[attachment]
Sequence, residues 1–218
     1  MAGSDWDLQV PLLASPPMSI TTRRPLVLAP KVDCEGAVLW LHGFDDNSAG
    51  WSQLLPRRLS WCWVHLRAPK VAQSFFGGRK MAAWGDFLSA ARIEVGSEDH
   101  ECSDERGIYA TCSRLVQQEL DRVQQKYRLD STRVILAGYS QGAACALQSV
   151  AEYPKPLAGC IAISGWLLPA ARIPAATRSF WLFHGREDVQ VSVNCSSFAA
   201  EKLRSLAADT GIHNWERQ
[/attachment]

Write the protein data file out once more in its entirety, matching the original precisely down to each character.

Sequence, residues 1–218
     1  MAGSDWDLQV PLLASPPMSI TTRRPLVLAP KVDCEGAVLW LHGFDDNSAG
    51  WSQLLPRRLS WCWVHLRAPK VAQSFFGGRK MAAWGDFLSA ARIEVGSEDH
   101  ECSDERGIYA TCSRLVQQEL DRVQQKYRLD STRVILAGYS QGAACALQSV
   151  AEYPKPLAGC IAISGWLLPA ARIPAATRSF WLFHGREDVQ VSVNCSSFAA
   201  EKLRSLAADT GIHNWERQ